Male artists and celebrities are protecting women and children by taking a stand against Gender-Based Violence.
South African actor, director and playwright Dr John Kani has called on male performing artists and radio and television celebrities to mobilise their influence to break the wall of silence that still surrounds the fight against Gender-Based Violence (GBV).
“In the global push to stop GBV, men need to join forces with women to end violence against them and children,” said Dr Kani, who is the Special Ambassador of the Market Theatre Foundation.
He explained that performing artists’ popularity and their high profiles give them the power to shine a much-needed spotlight on GBV.
“We are visible influencers and it is about time for those of us who can to use the ubiquity of our voices and the power of our celebrity status to say enough is enough! The violence must stop now,” he said.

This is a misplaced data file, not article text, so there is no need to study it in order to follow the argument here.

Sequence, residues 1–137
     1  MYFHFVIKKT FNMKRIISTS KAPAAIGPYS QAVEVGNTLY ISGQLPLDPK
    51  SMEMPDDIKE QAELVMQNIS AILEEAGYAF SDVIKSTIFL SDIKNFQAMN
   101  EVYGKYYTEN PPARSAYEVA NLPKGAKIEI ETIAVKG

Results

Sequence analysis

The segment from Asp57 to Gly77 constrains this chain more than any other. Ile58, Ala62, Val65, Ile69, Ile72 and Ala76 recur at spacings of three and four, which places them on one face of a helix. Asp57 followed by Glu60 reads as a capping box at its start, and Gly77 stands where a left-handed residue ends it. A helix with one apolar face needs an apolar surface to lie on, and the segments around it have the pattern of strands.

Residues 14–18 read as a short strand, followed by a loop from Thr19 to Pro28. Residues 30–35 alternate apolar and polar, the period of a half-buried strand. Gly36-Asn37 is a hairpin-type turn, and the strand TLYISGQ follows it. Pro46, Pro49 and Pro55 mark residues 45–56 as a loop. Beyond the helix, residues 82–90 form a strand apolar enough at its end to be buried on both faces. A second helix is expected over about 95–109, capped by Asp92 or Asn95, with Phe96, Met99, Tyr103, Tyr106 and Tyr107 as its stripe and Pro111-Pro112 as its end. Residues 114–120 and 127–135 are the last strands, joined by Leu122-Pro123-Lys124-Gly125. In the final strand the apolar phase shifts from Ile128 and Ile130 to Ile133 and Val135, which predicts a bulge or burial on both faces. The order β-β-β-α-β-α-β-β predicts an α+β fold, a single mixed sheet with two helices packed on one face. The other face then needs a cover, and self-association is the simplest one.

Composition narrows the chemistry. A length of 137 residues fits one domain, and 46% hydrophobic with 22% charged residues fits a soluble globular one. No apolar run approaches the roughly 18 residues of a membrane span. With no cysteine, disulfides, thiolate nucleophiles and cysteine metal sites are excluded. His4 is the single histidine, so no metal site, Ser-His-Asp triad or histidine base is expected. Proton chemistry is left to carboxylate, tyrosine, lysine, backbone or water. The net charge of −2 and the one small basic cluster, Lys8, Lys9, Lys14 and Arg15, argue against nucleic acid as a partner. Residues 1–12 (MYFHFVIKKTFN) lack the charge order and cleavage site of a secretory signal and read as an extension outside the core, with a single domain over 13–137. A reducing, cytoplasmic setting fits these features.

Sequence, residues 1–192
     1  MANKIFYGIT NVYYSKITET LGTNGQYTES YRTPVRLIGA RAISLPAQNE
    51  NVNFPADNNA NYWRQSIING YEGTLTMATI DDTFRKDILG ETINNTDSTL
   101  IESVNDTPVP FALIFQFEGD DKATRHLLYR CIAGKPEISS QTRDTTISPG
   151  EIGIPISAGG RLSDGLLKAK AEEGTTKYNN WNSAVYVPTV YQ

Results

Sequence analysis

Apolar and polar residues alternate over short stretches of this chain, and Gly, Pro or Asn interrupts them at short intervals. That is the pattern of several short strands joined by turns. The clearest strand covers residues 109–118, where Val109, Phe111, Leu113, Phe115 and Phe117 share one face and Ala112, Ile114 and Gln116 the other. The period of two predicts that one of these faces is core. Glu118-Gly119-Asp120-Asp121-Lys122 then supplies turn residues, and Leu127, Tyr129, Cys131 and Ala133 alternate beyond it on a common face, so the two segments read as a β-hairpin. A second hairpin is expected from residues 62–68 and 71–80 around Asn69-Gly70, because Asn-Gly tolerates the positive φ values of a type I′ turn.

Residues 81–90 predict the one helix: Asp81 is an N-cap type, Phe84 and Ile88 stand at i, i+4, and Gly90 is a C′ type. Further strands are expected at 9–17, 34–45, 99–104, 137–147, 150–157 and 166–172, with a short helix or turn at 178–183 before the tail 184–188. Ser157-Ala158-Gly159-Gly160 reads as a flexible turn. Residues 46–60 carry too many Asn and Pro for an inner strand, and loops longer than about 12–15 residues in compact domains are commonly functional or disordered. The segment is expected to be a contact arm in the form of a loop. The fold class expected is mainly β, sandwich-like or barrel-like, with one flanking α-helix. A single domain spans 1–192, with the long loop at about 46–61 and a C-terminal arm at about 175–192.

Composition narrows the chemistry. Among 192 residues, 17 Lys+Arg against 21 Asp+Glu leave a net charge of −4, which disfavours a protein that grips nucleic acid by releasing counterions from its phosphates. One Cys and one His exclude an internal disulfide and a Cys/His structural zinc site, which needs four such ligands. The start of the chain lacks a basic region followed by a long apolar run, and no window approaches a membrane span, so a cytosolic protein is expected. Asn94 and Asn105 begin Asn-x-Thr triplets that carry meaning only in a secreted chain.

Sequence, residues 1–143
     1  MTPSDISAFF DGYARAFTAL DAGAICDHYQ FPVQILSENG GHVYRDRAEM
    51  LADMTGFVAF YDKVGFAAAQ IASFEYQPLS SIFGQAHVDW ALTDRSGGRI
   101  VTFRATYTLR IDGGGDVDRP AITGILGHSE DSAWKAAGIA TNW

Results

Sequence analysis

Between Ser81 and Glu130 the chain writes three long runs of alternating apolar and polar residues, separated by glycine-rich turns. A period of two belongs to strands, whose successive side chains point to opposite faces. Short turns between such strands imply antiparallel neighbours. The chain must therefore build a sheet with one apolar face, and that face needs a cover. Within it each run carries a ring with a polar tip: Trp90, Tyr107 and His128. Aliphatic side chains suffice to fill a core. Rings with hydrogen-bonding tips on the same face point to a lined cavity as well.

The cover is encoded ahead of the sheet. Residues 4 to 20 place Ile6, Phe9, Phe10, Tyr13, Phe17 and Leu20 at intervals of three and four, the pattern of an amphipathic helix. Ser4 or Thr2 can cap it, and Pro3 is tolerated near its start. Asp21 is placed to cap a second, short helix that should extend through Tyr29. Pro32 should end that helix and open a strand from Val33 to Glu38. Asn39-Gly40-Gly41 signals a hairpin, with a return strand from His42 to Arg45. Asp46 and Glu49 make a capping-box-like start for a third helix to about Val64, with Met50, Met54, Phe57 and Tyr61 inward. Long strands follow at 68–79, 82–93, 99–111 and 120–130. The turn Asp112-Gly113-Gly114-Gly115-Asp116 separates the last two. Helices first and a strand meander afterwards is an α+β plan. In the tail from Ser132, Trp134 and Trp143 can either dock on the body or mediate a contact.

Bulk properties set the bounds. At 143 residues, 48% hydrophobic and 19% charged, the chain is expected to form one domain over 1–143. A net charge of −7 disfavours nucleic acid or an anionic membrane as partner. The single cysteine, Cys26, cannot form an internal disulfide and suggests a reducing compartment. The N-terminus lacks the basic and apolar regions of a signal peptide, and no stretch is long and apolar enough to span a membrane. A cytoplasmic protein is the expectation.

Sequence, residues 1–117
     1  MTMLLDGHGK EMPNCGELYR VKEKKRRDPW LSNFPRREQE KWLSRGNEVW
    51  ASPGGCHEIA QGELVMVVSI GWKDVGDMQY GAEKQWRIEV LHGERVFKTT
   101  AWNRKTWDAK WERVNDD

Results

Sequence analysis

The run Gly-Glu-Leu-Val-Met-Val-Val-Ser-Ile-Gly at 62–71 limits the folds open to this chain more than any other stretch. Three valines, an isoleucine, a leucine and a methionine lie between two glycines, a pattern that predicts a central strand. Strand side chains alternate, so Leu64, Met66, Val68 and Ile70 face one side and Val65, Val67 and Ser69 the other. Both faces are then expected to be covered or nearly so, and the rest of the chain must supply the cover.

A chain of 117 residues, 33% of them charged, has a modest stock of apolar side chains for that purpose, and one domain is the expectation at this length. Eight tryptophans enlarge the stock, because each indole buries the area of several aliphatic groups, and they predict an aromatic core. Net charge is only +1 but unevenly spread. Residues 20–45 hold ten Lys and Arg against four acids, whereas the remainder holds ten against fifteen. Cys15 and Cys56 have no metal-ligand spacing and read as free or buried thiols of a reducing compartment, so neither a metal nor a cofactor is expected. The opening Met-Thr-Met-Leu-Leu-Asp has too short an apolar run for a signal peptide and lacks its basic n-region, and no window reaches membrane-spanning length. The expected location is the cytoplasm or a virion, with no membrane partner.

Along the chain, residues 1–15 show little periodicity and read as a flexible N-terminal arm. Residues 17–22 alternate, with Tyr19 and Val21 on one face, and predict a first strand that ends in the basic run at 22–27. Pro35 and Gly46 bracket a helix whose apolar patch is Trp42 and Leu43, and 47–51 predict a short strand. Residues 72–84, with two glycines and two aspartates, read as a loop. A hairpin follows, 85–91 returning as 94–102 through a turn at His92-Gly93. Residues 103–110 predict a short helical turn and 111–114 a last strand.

Dr Kani emphasised this should not be a once-off action, but rather a passionate call on men in the arts and entertainment industry to support and advance the fight against GBV and to face and acknowledge this ugly side of humanity.
His sentiments are supported by the Market Theatre Foundation’s Chief Executive Officer Ismail Mahomed, who is also calling on men to take a stand against the scourge of GBV in the country. The Market Theatre Foundation was founded on the ethos of social justice and it has a legacy of getting artists involved in protecting human rights.
“By taking the lead from one of South Africa’s most iconic artists, we want men to reclaim the responsibility that we have to end GBV,” said Mahomed.
He said many male celebrities are generally hesitant to come on board and speak out against men’s violence towards women and children.
“It is commendable that an artist of Dr Kani’s reputation and global stature is driving a campaign to get male artists and celebrities to take a stand,” said the foundation’s Brand and Communications Manager Zama Buthelezi.
Dr Kani recently addressed the foundation’s employees and was joined by other men from the creative and cultural industries who are also making their voices heard.